Electronics can get damaged with extreme heat and humidity. Humidity can damage the internal wiring and rust the internal parts. Extreme temperatures can cause cracking or rust in electronics. If you’re storing large appliances, you will want to make sure you clean and dry all items. If they have water hoses, make sure they are removed. You don’t want mold or mildew developing in these items.  Furthermore, screens such as those on plasma televisions don’t do well with very high or low temperatures. So if you plan on storing an expensive piece of equipment for more than a couple of weeks, consider a unit whose temperature and humidity you can control. If you decide to get rid of some of your old electronics, check our guide on how to do so properly

Musical Instrument Storage

Fluctuating or extreme temperatures and humidity will damage many musical instruments, especially those constructed of wood, such as a piano or a lute. Most wooden instruments are glued in areas, and left in heat too long will break down and the glue will no longer hold together. Wood expands and contracts in different climates which will cause cracks and warping, ruining any instruments in long term storage that isn’t climate controlled. Brass instruments could corrode due to high temperature and humidity. Instruments with strings aren’t rust proof. Corrosion will occur if left in the wrong temps for too long. 

Storing Artwork

Art experts recommend storing artwork flat in windowless, temperature-controlled units or diameter tubes. The ideal climate for artwork is about 70 degrees Fahrenheit with 50 percent humidity. Consider shelving or palettes for your storage unit to keep art off the ground. If you’re storing paintings that aren’t framed or stretched, roll them with the paint side IN to decrease warping or cracking and put them in sturdy tubes. Layer a soft breathable cloth or tissue paper over canvasses before storing flat. You want to promote air circulation and avoid plastic wrap or bubble wrap as that could trap moisture and destroy your art over a period of time.No matter if your art is precious or just precious to you, keep it, and all your art supplies, protected so you can appreciate it for years to come.

Wine Storage

There are a few key things to know about wine storage - the rules are as follows: Store it sideways, still, dark and cool.  Storing wine on its side allows the cork to stay in contact with the wine, thereby keeping it moist and from drying out. Also, this will make it easier for you to see your inventory and is a great way to save space. Do not keep wine anywhere where it could be shaken or where there are vibrations - this will result in premature aging. Also, it’s best to keep red wine still to avoid shaking the sediment up to the top. You don’t want a glass of gritty liquid when you’re expecting a delicious glass of red. We advise you to store wine in a dark place as the UV rays of the sun cause premature aging. To properly age, most wines should be kept at temperatures around 55 degrees Fahrenheit. Otherwise, most wines should be at temperatures up to 69 degrees Fahrenheit. Improper storage or fluctuating temperatures could result in accelerating the aging process and affecting taste. If the wines you’re storing are of value, they should always be stored in a facility whose climate is controllable. For lovely wine storage racks, check out our blog on that subject.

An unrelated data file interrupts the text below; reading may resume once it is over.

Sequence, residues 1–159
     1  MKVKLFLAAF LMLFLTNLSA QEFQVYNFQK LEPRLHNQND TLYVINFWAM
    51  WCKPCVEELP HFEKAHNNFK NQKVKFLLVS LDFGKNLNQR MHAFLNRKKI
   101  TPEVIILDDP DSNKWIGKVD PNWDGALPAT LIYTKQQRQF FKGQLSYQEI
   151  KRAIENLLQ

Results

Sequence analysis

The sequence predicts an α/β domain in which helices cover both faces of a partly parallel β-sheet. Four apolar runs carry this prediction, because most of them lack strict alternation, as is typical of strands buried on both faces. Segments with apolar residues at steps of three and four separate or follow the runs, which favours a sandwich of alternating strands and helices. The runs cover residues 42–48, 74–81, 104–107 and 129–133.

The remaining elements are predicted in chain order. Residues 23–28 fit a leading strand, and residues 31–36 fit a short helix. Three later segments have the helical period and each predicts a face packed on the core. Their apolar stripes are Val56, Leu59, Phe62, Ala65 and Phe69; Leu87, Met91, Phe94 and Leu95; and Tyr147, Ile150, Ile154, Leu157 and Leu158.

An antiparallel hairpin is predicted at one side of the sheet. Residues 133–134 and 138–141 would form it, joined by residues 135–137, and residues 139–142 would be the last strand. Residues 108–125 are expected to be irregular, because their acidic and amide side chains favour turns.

Safe Photo Storage

Similar to artwork, photos should be stored in a cool and dry place, ideally without light, which can damage them. Temps should stay below 75 degrees, humidity between 15% and 65%, (too low of a humidity will make photos brittle, and too high humidity will promote mold, and photos will stick together). Don’t leave your photos in a place where insects or rodents can get to them either. Renting a climate controlled unit will ensure your memories don’t fade away. Home Storage Solutions offers a little more insight into how to safely store your photos. 

Storing Collectables

We enlisted some advice from about how to safely store collectables. It’s pretty simple - like with your photos, you’ll want to avoid light.  Light can harm almost any collectable - especially those made of wood, fabric or paper.  A limited amount of low light can be helpful with humidity, however. Control Humidity - approximately 50% is usually best. Avoid extreme temperatures that one would see when storing in attics or garages or basements. Keeping collectables stored at about 64 degrees is what is recommended.  If for any reason you need to change the temperature of where you are keeping your items, do so gradually. 

Furniture Storage